View videos of delegates Kameron Simmons, above, Marla Howard, middle left, and Judy Moore, below left, speaking about the issues.
SALT LAKE CITY — This Saturday, almost 7,000 Republican and Democratic state party delegates will meet to nominate candidates in key races including U.S. Senate, Congress and governor.
To better understand the work delegates do, the Deseret News and KSL-TV assembled a panel of eight men and women representing a range of political views, ages and backgrounds. Five are first-time delegates.
They come from all four congressional districts and five counties along the Wasatch Front. They gathered recently at the KSL studios to talk about their experiences and share their opinions on the candidates.
The purpose of the delegate panel is to give readers and viewers insight into a process that's been criticized for limiting voter participation. Most voters won't have a say in choosing party nominees, unless there is a primary election.
This election year, polls show that delegates are more moderate, with most being elected for the first time. Many responded to a call from The Church of Jesus Christ of Latter-day Saints to participate in the March party caucus meetings, where delegates were selected.
Others were recruited by candidates, especially Sen. Orrin Hatch, R-Utah, who faces a tough intraparty challenge from former state lawmaker Dan Liljenquist in his bid for a seventh term.
The rancor from just two years ago, when delegates ousted longtime Sen. Bob Bennett at the GOP state convention, appears to have dissipated. Now, incumbents like Republican Gov. Gary Herbert are seen as having more support.
Following are highlights from the delegate panel discussion with Utah delegates Kristen Price, Daryl Acumen, Judy Moore, Kameron Simmons, Gil Miller, Rosemary Young, Marla Howard and Sam Johnson:
Why did you get involved?
Rosemary: One of the reasons why I wanted to be a delegate, a state delegate, is because I hadn't been happy with what I perceived was going on at the state convention. Being too far to the right, from the way, from where I stand, and I wanted to make a difference.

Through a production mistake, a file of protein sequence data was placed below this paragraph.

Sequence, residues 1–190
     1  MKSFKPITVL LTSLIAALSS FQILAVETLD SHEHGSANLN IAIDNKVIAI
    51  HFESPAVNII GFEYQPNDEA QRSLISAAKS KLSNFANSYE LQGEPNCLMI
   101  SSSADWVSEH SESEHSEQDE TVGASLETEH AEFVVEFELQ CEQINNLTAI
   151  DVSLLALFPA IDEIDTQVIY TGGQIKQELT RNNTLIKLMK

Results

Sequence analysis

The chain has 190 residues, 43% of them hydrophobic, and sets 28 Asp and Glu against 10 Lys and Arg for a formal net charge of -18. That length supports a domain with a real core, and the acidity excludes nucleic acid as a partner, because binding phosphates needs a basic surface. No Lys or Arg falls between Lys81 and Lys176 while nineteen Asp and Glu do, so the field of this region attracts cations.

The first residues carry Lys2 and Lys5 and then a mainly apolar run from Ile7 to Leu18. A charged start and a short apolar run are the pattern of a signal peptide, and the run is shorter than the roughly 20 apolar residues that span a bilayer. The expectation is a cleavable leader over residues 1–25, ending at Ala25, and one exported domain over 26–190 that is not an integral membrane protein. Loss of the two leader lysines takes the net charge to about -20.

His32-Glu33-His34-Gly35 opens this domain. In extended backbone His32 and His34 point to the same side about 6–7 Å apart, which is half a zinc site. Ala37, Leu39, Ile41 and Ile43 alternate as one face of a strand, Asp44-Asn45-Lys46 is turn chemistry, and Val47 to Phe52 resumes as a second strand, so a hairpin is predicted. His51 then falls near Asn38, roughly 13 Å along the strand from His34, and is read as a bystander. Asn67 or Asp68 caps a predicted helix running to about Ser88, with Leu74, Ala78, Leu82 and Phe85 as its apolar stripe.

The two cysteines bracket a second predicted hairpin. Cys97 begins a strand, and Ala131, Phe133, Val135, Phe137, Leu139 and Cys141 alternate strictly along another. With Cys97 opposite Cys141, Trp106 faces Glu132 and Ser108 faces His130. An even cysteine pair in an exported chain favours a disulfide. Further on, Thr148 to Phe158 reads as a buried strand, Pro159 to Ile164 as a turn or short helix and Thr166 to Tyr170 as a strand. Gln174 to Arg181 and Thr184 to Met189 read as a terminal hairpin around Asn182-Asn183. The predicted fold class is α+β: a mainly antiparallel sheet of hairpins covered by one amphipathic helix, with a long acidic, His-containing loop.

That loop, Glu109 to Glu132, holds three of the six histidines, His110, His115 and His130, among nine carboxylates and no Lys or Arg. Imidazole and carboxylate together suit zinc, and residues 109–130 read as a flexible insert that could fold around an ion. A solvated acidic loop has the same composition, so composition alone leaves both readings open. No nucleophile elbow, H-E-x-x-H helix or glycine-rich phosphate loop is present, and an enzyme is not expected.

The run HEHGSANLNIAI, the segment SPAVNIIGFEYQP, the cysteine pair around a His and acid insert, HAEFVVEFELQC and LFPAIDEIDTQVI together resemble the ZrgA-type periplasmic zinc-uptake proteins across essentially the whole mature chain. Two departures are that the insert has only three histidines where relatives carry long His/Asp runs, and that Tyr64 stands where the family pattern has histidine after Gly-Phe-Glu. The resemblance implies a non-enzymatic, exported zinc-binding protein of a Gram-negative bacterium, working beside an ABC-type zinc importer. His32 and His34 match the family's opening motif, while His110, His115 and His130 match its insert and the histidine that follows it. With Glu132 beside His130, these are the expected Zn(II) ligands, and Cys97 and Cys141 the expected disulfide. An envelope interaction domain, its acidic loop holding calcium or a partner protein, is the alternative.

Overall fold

Gil: I was concerned about the caucus going too far to the right and I wanted someone on there that thought perhaps a little bit more moderately.
Judy: I feel like there's been too much compromise on principles and I feel like we need principled leadership. And I feel like a moderate position is actually a position that goes to the other side … I found some principles, some things I could believe in, unite people and so I got excited and for the first time registered as a Republican.
Marla: One of the reasons I switched parties was I felt the Republican Party was being manipulated. The political aspects (of) the Republican Party really was turning me off. So I made the choice to get involved on the Democratic side, getting out there and learning more about the issues at hand — not taking a passive stance like a lot of other people have.
Sam: I have a lot more hope for the Democrats in this state than I think a lot of other people do. I feel like a lot of people are really turned off by the polarized attitude of this state and how severely Republican it has become.
Kristen: As I shared information with those sitting around me (at the caucus meeting), they wanted me to run for delegate and nominated me. I found that maybe I'm a political junkie. … But I also went into this with a very open mind.
What has it been like being a delegate?
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